Could It Be ... Satan? 

Behind the scenes with jolly Kris Kringle

The SantaLand Diaries is a suitable Christmas classic for our times, an irreverent mixture of storytelling and stand-up tempered by that NPR-tone of new intellectual enlightenment.

David Sedaris' musings on his experience working as a 33-year-old elf at Macy's is laced with just the right blend of edgy, alternative, sardonic observations from behind the scenes in SantaLand and carefully placed moments of penetrating clarity, offering a fresh and unique perspective on the traditional schmaltz and syrup of the season.

Joe Mantello's adaptation for the stage sticks to the single voice of a one-elf show, leaving the piece in its natural state as a monologue. Although there is an extensive set and plenty of action from the Sedaris character, the hurdle of fully transferring the work to the stage is never quite cleared. It's easy to imagine a full-blown production of the piece, with a chorus of Santas, some scene-stealing kids, and elves strung across the stage like an explosion of Christmas-tree popcorn. Put it all to music, and watch the royalties skyrocket.

Gary Culig establishes an easy rapport with the audience, winning us over and earning our trust and interest. We watch him make the transition from post-graduate coffee-shop dweller to the respectfully rebellious elf named Crumpet, who, after a long day in elf shoes, prefers to be called Blisters. Director Matthew Howard allows Culig to get a little overly negative at times, overemphasizing Crumpet's sense of cynicism, but with the exception of a couple of unnecessarily slow scene changes, Culig keeps the audience captivated with his animated storytelling and his expressive commentary.

The play reaches a crescendo on Christmas Eve, when the atmosphere turns surreal and the Doors' "The End" plays on the sound system. In a production that features a bong-toking elf and a fanciful journey into SatanLand, it's something of a surprise that the play takes this long to indulge in the hallucinatory haze of holiday frenzy.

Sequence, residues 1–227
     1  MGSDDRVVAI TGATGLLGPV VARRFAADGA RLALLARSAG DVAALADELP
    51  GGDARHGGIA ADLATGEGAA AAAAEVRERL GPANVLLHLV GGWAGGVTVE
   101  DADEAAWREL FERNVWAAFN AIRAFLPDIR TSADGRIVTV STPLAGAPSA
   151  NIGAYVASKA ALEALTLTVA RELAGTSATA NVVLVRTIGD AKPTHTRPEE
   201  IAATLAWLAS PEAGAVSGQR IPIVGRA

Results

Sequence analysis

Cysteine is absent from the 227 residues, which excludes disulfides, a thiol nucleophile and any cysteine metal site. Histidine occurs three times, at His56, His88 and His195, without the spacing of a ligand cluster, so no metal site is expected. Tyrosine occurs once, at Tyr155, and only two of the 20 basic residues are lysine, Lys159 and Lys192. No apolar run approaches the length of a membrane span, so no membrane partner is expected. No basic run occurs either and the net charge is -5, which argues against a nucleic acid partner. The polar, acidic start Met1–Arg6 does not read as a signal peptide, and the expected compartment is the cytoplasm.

The evening opens with Sedaris' short piece, Front Row Center With Theodora Bristol, a vicious attack on the noble calling of the theater critic, attempting to demean a courageous practitioner by highlighting her heartless attack on the bone-crushingly bad Christmas theater performed by a trio of elementary and middle schools. Sedaris' satire backfires, however, since any astute audience member can tell the pint-sized performers had it coming to them.

Who could dispute Bristol's keen insight into Sacred Heart Elementary's The Story of the First Christmas, taking the thin-skinned thespians to task by observing: "In the role of Mary, 6-year-old Shannon Burke just barely manages to pass herself off as a virgin. A cloying, preening stage presence, her performance seemed based on nothing but an annoying proclivity toward lifting her skirt and, on rare occasions, opening her eyes."

McPherson Horle goes overboard in interpreting Bristol, turning her into a cold-fish caricature that would put Cheers' Lilith to shame. The transition from print media to performance piece is not a smooth one, and director Matthew Howard never discovers a way to put Horle at ease with the unconventional delivery of a written review.

Ironically, the apparent built-in audience for the show, those who are already fans of Sedaris through his stories and essays, is probably the audience least likely to enjoy the show. If you already know Sedaris through his own interpretation of his work, this production doesn't offer anything new, and the departures in characterization and tone are likely to be unsettling in the way that the movie version of a favorite book invariably is.

If you're coming to Sedaris for the first time, however, by all means, take the opportunity to get out and see this well-executed production of his signature story.


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